MICHAEL HEYWARD ON A THRIVING LITERARY CULTURE
COPYRIGHT tells the whole story of our thriving literary culture. Without it there would be no recognisable book trade, royalties for writers or investment in the skills of publishing: editorial, rights, design, production, marketing, publicity.
Copyright, licensed territorially, allows writers to authorise editions by country or language. It allows booksellers to form a fair marketplace. When you buy a new Australian book in a local edition you are contributing to a high domestic royalty for the writer. The US, Britain and Canada use similar rules to reward writers.
Our rules are cleverer than theirs. If a book is not available here within 30 days of its publication overseas, the bookseller is free to parallel import it, to ignore territorial copyright. This principle of use it or lose it forces publishers to make foreign books available promptly. It guarantees an Australian territory for Australian writers because we publish first. It stops royaltyfree foreign editions of Australian books being dumped here.
The 30-day rule, the subject of an inquiry by the Productivity Commission, is the most efficient and creative territorial regime in the world. It truly balances the demands of commerce and culture, the rights of creators and consumers. Since it was introduced in 1991 our industry has diversified and flourished. We have more authors, more publishers, more booksellers, more books and a greater market share for Australian books.
The rule gives flexibility to booksellers that no bookseller has in Britain, the US or Canada, while giving publishers incentive to invest. Booksellers are free to import any edition at any time on customer request. We are consequently the only English-speaking country with a dynamic and growing independent sector.
This is a marvellous development. Independents have 20 per cent of the market and play an irreplaceable role in the promotion of Australian books, which constitute 60 per cent of all books sold. They are community hubs, the souls of our retail neighbourhoods. They would feel the chill wind of a totally deregulated book market.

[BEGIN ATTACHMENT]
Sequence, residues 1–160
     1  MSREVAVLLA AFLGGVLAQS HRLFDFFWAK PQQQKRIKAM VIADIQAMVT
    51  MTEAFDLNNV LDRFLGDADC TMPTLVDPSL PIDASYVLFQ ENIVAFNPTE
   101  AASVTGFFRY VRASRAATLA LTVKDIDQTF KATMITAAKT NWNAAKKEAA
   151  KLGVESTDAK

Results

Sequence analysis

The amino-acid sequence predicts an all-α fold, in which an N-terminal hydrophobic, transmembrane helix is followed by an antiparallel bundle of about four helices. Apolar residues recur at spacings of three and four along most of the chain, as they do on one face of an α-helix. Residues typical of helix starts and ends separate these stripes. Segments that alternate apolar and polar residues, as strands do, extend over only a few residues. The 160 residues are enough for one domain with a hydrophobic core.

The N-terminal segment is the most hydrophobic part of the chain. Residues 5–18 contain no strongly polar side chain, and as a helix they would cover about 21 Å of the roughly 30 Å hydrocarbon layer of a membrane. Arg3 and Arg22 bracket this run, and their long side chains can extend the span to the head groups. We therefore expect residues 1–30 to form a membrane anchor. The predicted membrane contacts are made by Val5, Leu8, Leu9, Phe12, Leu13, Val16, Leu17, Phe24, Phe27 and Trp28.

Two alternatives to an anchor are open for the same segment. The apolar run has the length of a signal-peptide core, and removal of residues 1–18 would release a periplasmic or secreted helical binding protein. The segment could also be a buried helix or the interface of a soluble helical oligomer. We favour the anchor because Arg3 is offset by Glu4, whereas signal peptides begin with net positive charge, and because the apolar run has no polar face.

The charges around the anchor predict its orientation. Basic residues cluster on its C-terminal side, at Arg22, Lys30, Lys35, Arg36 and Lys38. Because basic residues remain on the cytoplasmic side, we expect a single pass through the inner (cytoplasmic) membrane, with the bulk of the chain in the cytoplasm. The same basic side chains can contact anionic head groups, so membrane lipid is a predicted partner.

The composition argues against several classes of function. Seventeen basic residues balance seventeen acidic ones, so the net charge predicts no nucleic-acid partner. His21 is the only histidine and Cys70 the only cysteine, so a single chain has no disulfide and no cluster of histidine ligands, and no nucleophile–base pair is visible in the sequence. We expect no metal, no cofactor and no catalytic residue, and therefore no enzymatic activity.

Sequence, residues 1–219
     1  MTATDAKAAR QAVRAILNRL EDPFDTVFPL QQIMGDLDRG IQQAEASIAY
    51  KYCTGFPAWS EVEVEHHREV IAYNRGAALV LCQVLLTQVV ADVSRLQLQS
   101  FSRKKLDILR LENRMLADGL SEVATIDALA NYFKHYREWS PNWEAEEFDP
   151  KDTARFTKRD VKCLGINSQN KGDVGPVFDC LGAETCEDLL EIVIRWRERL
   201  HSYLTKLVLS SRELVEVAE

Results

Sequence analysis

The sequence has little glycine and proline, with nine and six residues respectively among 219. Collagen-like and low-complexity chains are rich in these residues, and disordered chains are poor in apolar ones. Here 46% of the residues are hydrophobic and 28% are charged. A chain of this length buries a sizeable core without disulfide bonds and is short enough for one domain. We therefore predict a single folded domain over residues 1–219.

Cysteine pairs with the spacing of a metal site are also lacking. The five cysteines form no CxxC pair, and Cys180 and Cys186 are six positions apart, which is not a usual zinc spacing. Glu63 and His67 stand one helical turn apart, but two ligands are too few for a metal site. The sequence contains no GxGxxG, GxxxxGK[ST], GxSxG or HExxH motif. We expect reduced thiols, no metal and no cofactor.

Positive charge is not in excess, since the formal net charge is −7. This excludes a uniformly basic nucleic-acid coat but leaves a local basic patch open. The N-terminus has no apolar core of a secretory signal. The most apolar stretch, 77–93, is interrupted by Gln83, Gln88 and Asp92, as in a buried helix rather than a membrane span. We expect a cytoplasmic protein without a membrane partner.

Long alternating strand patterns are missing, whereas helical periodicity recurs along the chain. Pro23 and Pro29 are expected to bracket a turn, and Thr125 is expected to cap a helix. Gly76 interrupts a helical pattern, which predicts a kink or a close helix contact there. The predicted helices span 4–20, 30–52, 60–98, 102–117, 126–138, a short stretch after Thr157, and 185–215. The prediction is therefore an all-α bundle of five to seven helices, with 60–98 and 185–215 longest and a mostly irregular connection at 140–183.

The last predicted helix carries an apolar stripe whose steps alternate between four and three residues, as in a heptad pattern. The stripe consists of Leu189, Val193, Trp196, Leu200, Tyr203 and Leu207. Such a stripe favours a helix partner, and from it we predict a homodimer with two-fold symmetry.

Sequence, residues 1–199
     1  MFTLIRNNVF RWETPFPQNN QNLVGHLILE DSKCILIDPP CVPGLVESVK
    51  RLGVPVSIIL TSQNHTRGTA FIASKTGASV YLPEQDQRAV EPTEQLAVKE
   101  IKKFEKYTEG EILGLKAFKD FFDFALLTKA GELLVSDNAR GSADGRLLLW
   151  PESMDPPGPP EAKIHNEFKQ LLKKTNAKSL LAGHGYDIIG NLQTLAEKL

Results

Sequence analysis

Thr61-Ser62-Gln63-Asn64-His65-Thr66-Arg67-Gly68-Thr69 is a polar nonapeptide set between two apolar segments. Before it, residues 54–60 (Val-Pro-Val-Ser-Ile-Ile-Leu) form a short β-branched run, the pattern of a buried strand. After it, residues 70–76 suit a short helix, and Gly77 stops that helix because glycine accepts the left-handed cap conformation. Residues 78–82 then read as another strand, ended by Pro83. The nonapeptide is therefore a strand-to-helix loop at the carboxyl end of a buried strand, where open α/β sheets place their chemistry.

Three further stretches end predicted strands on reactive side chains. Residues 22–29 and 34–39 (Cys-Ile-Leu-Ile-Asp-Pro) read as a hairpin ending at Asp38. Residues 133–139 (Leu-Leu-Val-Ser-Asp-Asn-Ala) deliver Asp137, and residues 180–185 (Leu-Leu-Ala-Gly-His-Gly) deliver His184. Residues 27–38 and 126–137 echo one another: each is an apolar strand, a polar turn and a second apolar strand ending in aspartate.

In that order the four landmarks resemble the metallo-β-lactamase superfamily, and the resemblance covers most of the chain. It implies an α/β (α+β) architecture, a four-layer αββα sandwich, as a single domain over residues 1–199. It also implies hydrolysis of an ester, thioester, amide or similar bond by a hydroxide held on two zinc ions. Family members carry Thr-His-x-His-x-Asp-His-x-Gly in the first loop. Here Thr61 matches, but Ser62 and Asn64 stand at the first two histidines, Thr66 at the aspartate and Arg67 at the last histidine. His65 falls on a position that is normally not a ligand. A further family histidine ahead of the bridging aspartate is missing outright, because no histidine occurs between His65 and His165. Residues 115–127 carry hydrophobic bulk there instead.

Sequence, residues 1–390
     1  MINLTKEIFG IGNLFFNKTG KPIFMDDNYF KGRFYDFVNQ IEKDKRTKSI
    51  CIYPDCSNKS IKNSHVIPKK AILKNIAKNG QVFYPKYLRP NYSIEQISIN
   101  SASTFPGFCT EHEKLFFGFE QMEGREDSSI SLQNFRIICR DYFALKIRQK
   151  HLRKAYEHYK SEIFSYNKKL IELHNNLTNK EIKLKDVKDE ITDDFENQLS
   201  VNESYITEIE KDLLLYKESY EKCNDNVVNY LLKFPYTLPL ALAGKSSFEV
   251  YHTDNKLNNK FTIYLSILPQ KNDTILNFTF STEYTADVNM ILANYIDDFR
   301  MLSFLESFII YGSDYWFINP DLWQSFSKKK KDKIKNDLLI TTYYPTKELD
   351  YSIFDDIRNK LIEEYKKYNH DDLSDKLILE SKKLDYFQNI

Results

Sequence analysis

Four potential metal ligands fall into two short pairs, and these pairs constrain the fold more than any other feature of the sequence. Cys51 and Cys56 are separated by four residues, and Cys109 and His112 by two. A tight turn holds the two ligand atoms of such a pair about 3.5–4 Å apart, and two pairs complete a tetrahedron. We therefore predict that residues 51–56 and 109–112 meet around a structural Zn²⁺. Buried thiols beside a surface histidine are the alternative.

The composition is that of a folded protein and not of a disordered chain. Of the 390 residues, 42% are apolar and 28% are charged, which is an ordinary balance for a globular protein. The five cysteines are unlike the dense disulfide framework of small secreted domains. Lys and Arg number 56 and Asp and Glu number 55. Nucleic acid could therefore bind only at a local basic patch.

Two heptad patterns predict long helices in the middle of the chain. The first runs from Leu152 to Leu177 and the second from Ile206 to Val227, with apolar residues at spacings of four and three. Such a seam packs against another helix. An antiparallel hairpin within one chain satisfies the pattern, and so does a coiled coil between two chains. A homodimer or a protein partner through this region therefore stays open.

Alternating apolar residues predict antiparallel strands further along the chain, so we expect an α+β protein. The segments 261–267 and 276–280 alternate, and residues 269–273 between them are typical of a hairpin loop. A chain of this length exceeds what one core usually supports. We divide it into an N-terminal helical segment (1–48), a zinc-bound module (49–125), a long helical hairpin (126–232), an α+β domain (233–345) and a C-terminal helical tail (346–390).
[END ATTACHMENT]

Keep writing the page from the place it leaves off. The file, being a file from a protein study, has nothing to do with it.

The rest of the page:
Our booksellers are annoyed about the effect of online sales. Readers who use the internet to buy books from a foreign retailer don’t pay GST. Yet a bookseller placing an order with a foreign wholesaler does. Work that out.
The 30-day rule keeps our book printing industry alive. It allows our two main printers — McPherson’s and Griffin Press — to manufacture books that would otherwise be imported. This work earns tens of millions of dollars and creates skilled jobs. It helps keep prices low, which encourages publishers to take risks with new authors. Close to 50 per cent of Griffin’s business is import replacement. Without the 30-day rule one of these printers will almost certainly fail and trigger a domino effect in the book industry.
The rule also allows publishers to champion our writers abroad. Most best-selling writers in this country are published internationally, where some are bestsellers, too. The New York Times just put a whopping seven titles by Australian authors on its annual list of 100 notable books. A secure territory lets us negotiate on an equal basis. At Text Publishing, for instance, we earn more than 20 per cent of our revenue by exporting rights. Two in every three dollars we pay our writers is earned from abroad. This money buys them writing time. Our company is a net exporter of copyright.